Andrew Kathindi

Namibia has now surpassed 100 000 cases of Covid-19, the Ministry of Health and Social Services (MoHSS) has revealed.

This comes as the country has also surpassed a previous record of deaths recorded in a day with the ministry announcing 70 deaths on Thursday, 8 July.

“We have breached the mark of 100 000 confirmed Covid-19 cases reported since the pandemic started. It is very concerning that we are seeing a sustained increase in the number of cases being reported in other regions outside Khomas region,” Health Minister, Kalumbi Shangula, says.

The country currently now has 23 328 active cases, 554 thereof hospitalisations, with 105 in Intensive Care Units (ICUs). “We urge all members of the public to desist from unnecessary travels, avoid attending gatherings such as funerals and weddings. For those placed under self-isolation or quarantine, we strongly advise that you stay at home until your isolation period of at least 10 days is over.”

Namibia has recorded 77 060 cases of Covid-19 in six months of 2021 compared to the 23,941 cases reported last year since the first case was reported in March. 34 000 of the cases reported in 2021 have come in the month of June alone.

More alarmingly, the country has recorded 1,607 more deaths this year than in 2020. Namibia recorded 205 deaths from Covid-19 last year.

This April, Shangula informs, Namibia had overshot the 396 COVID-19 deaths as estimated in the World Health Organisation (WHO) Africa Region disease projection model for March 2021. The country has thus far recorded 1,812 deaths attributable to Covid-19.

Of the 70 deaths recorded on Thursday, 8 July, Windhoek recorded the highest number of deaths with 26 deaths in total; Rundu 12; Tsumeb eight; Grootfontein and Oshikuku five each; Oshakati four; Swakopmund three; Walvis Bay and Okakarara with two each, while Okahandja, Outapi, and Outjo each reported one death. According to the minister, none of those who died were vaccinated.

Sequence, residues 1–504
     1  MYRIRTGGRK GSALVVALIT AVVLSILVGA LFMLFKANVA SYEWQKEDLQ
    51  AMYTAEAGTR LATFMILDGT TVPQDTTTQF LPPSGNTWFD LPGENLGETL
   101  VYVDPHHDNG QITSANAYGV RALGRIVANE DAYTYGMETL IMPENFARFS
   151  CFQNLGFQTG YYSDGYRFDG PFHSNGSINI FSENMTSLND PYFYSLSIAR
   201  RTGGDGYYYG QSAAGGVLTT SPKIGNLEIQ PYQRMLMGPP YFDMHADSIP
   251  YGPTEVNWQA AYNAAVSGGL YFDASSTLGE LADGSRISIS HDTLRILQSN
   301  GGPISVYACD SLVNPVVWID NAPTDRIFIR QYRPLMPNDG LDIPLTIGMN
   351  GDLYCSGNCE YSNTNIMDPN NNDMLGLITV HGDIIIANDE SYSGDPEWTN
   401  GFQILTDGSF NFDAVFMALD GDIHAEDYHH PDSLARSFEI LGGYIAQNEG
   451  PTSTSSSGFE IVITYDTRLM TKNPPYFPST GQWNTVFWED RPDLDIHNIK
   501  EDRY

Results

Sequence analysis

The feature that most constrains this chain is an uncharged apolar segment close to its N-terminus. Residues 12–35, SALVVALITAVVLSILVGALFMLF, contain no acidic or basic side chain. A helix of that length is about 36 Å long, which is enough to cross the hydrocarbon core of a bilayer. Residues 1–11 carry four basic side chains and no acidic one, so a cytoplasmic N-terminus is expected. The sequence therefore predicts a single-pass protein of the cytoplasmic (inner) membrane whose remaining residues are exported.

The country’s new alarming record in Covid-19 cases has been attributed to the Delta variant, which on Monday from tests conducted in the Khomas region, was confirmed to be present in the country. More tests in the rest of the regions are expected in the coming weeks.

President Hage Geingob last week warned that the third wave of Covid-19 could yet reach its peak in August. According to the Institute for Health Metrics and Evaluation (IHME), the rising number of cases and deaths being recorded in Africa could continue to rise until October.

“Sustained increases in reported cases in South Africa as well as sharp rises in the Democratic Republic of the Congo, Liberia, Namibia, Uganda, and Zambia are of particular concern. Diminished vigilance and relaxation of mandates further heightens the likelihood of surges and poses a real threat to health systems. In our reference scenario, we project 420,000 cumulative deaths on October 1, an additional 163,000 lives lost from June 7 to October 1, and we expect daily deaths to peak at 2,190 on July 14,” the report states.

The rise of cases in Africa coincide with both the spread of the Delta variant and the continent’s winter season, which is believed to be a factor in the spread of the virus.